An extraordinary novel about an extraordinary novel -- Charles Dicken' The Pickwick Papers
On March 31, 1836 the publishers Chapman & Hall launched the first issue of a new monthly periodical entitled The Posthumous Papers of the Pickwick Club. Conceived and created by the artist Robert Seymour, it contained four of his illustrations; the words to accompany them were written by a young journalist who used the pen-name Boz.
The story of a sporting-cum-drinking club presided over by fat, loveable Mr Pickwick, assisted by his cockney manservant Sam Weller, The Pickwick Papers soon became a popular sensation, outselling every other book except the Bible and Shakespeare's plays, and read and discussed by the entire population of the British Isles, from the duke's drawing-room to the lowliest chophouse. The fame of Mr Pickwick soon spread worldwide -- making The Pickwick Papers the greatest literary phenomenon in history.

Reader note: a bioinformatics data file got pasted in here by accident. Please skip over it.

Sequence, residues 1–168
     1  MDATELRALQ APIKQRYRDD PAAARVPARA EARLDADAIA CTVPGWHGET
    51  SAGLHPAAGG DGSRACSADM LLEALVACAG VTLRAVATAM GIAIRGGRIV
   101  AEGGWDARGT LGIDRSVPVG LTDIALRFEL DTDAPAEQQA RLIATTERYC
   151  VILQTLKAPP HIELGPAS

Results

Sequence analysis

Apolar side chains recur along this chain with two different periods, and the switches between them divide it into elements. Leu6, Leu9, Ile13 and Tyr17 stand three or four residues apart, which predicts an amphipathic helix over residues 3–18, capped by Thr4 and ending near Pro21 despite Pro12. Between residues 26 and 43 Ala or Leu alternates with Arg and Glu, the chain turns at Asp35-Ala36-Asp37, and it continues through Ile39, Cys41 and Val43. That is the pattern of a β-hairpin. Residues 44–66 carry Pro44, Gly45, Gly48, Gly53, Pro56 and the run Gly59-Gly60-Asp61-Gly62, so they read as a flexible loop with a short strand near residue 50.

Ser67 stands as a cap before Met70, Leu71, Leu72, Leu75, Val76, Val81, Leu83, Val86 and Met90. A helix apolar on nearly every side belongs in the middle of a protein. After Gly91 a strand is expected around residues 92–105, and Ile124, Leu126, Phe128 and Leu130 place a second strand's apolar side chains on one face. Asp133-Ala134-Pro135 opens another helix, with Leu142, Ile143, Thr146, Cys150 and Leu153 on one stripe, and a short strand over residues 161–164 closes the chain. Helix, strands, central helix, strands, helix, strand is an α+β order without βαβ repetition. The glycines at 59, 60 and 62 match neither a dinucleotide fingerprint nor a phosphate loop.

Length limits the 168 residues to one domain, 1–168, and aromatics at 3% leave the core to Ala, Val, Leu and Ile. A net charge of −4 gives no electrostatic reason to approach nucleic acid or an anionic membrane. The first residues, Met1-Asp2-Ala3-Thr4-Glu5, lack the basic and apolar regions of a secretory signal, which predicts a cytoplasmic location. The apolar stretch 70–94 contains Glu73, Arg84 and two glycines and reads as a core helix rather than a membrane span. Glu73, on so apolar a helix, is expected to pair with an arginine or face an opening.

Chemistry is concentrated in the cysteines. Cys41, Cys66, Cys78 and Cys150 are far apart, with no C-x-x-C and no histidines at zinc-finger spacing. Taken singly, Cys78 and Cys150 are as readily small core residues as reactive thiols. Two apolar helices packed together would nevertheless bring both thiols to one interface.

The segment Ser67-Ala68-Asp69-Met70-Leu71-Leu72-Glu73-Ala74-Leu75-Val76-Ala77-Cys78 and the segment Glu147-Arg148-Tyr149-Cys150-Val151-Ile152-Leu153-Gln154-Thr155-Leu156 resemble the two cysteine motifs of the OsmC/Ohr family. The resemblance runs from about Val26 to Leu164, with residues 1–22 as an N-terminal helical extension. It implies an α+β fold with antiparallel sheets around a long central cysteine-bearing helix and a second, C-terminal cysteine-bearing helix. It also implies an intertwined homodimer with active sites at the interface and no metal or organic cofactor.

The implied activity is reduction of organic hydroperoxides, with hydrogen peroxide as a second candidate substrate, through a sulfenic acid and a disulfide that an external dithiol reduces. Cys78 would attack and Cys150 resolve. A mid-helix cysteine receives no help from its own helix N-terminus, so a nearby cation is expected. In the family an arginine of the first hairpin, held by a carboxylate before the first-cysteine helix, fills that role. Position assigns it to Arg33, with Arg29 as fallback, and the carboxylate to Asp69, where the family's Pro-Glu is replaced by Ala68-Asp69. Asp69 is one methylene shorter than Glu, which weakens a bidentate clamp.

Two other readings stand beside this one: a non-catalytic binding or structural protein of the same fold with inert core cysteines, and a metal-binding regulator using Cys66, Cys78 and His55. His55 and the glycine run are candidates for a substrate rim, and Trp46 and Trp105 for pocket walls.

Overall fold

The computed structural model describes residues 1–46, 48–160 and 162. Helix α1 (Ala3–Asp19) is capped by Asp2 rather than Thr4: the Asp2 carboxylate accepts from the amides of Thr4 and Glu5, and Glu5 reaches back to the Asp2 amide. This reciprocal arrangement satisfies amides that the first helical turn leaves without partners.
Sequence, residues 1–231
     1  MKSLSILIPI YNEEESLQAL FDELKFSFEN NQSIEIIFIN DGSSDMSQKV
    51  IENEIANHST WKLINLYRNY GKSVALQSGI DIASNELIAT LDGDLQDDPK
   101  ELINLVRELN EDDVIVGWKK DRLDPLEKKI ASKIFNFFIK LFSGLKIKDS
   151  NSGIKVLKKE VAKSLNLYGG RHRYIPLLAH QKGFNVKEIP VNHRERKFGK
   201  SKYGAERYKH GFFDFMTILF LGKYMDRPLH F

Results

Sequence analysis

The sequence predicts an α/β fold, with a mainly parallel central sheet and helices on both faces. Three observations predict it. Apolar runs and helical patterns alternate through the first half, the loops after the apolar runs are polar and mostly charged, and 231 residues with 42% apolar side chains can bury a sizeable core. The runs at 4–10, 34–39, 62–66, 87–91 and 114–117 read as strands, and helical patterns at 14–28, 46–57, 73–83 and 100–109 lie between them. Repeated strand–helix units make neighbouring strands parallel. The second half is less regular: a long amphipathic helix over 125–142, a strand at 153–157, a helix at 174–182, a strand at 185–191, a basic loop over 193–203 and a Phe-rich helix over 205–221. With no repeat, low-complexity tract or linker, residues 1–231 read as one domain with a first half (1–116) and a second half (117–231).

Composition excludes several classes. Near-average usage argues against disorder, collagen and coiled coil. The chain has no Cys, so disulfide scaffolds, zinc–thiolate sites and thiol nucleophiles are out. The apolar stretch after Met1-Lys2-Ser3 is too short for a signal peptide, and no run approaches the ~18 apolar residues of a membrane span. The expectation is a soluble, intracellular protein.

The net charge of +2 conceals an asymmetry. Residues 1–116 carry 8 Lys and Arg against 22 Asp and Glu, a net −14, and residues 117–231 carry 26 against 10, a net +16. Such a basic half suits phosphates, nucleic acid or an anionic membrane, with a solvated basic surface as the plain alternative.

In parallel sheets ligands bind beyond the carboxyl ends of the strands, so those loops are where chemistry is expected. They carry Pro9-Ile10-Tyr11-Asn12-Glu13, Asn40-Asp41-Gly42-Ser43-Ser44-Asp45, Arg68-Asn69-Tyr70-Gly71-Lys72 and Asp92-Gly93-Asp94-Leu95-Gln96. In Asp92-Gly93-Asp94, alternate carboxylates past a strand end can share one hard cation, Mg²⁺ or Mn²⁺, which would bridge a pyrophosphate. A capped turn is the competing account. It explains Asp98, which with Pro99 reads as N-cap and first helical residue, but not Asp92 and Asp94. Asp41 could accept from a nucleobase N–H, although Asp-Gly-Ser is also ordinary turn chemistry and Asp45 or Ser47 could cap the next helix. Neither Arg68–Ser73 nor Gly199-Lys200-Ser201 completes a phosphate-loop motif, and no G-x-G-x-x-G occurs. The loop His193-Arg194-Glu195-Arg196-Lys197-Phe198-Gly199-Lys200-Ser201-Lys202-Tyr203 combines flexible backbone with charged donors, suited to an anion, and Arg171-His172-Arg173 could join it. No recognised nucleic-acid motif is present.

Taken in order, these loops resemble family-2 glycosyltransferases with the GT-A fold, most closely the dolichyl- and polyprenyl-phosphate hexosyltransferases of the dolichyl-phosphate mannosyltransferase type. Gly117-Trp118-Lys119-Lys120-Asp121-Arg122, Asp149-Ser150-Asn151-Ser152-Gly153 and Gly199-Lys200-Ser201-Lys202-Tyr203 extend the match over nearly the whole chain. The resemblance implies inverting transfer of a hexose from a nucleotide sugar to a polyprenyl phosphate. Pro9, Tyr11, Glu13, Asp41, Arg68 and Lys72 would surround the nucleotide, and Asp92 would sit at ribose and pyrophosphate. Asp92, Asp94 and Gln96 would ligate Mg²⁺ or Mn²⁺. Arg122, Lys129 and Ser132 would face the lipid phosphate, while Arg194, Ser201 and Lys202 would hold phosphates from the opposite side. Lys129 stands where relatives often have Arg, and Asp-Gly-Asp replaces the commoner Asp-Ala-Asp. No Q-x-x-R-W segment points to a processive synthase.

But one does not need to have read a single word of The Pickwick Papers to be enthralled by the story of how this extraordinary novel came to be. The creation and afterlife of The Pickwick Papers is the subject of Stephen Jarvis's novel, Death and Mr Pickwick. This vast, intricately constructed, indeed Dickensian work is at once the ultimate homage to a much-loved book, tracing its genesis and subsequent history in fascinating detail, and a damning indictment of how an ambitious young writer expropriated another man's ideas and then engaged in an elaborate cover-up of The Pickwick Papers' true origin.
Few novels deserve to be called magnificent. Death and Mr Pickwick is one of them.